Tesla just updated their Master Plan and it’s a doozy

Tesla CEO Elon Musk has updated the renewable energy/car manufacturer’s project road map with a number of significant changes and forthcoming electric vehicle and home solar projects.

Musk begins by reiterating the original vision, called the Master Plan:

The first master plan that I wrote 10 years ago is now in the final stages of completion. It wasn’t all that complicated and basically consisted of:

  1. Create a low volume car, which would necessarily be expensive
  2. Use that money to develop a medium volume car at a lower price
  3. Use that money to create an affordable, high volume car
  4. Provide solar power. No kidding, this has literally been on our website for 10 years.

With that plan now drawing to a close, it’s goals accomplished, Musk says he felt it was time to update them. He then re-explains his rationale for creating Tesla in the first place, and how the old manifesto and this updated one play into what Musk calls “the larger picture.”

Musk outlines the projects Tesla and Solar City are working on now that both companies are one and the same, starting with a sweeping plan to make solar panels affordable, aesthetically pleasing and dead simple to install, use, monitor and maintain. In short, Musk sees the combination of Tesla and Solar city as the world’s first renewable energy enterprise.

Musk then touches on the current state of Telsa’s electric vehicle line. With the affordable Tesla Model 3 set to roll off the production line this year, the automaker is now turning their attention to not only very particular kinds of vehicles — Musk specifically points out a compact SUV and a utility as goals — but also to “heavy-duty trucks and high-passenger-density urban transport.”

That’s right, Tesla’s working on electric buses and semi-trailers now. And they think they’ll be ready to unveil the Tesla Semi next year. And they want their buses to be fully automated and controlled by a single remote manager rather than an army of drivers.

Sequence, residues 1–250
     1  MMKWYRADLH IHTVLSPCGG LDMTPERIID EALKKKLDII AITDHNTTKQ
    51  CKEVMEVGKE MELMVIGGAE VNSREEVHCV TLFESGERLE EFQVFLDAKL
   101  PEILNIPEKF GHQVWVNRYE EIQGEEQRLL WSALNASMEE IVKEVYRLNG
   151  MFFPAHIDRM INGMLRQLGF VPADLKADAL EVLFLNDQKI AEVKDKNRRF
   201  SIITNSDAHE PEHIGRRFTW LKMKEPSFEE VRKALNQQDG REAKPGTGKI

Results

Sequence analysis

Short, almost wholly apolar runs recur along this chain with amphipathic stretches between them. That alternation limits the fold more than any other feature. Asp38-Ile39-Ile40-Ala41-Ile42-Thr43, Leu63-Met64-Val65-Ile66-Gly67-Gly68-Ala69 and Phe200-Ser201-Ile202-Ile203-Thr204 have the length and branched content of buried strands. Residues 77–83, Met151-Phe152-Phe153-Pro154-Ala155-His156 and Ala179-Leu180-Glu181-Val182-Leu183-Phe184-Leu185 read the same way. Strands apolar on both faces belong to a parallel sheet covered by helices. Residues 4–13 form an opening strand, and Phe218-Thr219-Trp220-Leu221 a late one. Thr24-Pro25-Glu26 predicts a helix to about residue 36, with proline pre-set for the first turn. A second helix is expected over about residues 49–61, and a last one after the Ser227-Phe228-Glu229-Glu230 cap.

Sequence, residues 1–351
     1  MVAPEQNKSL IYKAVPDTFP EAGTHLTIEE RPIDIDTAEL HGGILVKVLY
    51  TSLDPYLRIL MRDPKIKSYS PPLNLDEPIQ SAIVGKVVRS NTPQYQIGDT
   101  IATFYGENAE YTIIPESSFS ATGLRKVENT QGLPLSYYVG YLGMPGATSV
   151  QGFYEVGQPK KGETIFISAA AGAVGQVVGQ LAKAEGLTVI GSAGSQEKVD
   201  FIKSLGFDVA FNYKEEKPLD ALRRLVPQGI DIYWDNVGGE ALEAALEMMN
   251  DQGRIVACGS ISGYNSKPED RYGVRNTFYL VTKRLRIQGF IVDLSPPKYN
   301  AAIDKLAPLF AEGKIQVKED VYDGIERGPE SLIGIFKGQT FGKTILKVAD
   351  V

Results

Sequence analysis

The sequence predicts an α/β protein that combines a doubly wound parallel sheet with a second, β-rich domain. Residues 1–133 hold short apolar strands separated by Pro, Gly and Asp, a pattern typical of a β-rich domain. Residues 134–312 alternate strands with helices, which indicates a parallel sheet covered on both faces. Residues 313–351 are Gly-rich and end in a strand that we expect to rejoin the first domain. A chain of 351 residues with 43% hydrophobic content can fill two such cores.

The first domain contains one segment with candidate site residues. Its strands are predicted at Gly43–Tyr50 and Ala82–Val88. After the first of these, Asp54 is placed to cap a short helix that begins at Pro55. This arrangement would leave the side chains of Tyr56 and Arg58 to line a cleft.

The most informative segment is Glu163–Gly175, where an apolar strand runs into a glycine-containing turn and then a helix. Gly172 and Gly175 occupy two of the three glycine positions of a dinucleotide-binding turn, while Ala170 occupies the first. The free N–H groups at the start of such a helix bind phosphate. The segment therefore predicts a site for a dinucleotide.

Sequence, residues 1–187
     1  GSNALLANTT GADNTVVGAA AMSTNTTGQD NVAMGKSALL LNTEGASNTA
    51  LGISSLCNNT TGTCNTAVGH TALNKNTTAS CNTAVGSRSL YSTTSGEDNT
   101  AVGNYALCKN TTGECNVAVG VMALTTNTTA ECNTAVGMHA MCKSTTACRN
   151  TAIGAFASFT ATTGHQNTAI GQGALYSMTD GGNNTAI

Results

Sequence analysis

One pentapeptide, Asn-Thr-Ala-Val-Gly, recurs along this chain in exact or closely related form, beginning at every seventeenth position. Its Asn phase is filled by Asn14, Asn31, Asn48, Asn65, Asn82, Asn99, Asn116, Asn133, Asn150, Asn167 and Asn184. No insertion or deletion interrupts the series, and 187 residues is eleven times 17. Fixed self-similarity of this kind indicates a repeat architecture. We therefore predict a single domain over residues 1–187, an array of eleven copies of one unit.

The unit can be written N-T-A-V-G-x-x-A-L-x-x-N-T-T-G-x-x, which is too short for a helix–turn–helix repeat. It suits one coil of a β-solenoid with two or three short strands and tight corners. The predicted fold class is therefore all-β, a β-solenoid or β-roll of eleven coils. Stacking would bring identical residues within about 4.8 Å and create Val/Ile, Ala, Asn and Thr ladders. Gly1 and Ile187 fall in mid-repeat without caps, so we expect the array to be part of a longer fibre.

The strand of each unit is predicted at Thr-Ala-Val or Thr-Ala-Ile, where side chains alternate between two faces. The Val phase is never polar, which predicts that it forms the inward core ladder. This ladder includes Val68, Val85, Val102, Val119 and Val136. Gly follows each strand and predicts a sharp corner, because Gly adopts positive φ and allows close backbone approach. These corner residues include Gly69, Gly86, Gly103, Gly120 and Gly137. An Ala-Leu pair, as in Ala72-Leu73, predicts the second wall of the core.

Brace yourself, however, because Musk isn’t finished.

But Musk isn’t done on the topic of autonomy, going into detail on why the company is still referring to their Autopilot feature as being in beta and what would be required for it to come out of that state, into full release. Musk explains that Tesla would, for worldwide regulatory approval of the Autopilot feature, require around 10 billion kilometers of testing. At present, they’re averaging around 5 million kilometers per day through current Tesla owners simply using the software and allowing it to learn to be a safer, more responsive system. Better yet, once it’s approved, you would simply press a button on your remote to summon your Tesla to you, hop in and have it take you wherever you want while you read, work or sleep.

Ride sharing is also Tesla’s list of priorities for Autopilot. Musk states that most people are only using their cars around “5% to 10% of the day,” and that Autopilot would allow your car to zip around while you aren’t using it, picking up passengers and netting you a handy bit of extra income for your generosity — income that could be used to render any monthly repayment on the vehicle negligible and make Teslas affordable for everyone. Don’t worry if you’re not comfortable sharing your lovely Tesla with other people — Tesla will have an autonomous fleet of their own on the road doing exactly the same thing for anyone who has need of it.

You can read the entire, very eloquent and surprisingly candid Master Plan, Part Deux blog post right here. If Musk and his team are capable of achieving any of these lofty goals, the future will be exceedingly bright indeed. At this point, there’s no reason to think that they can’t.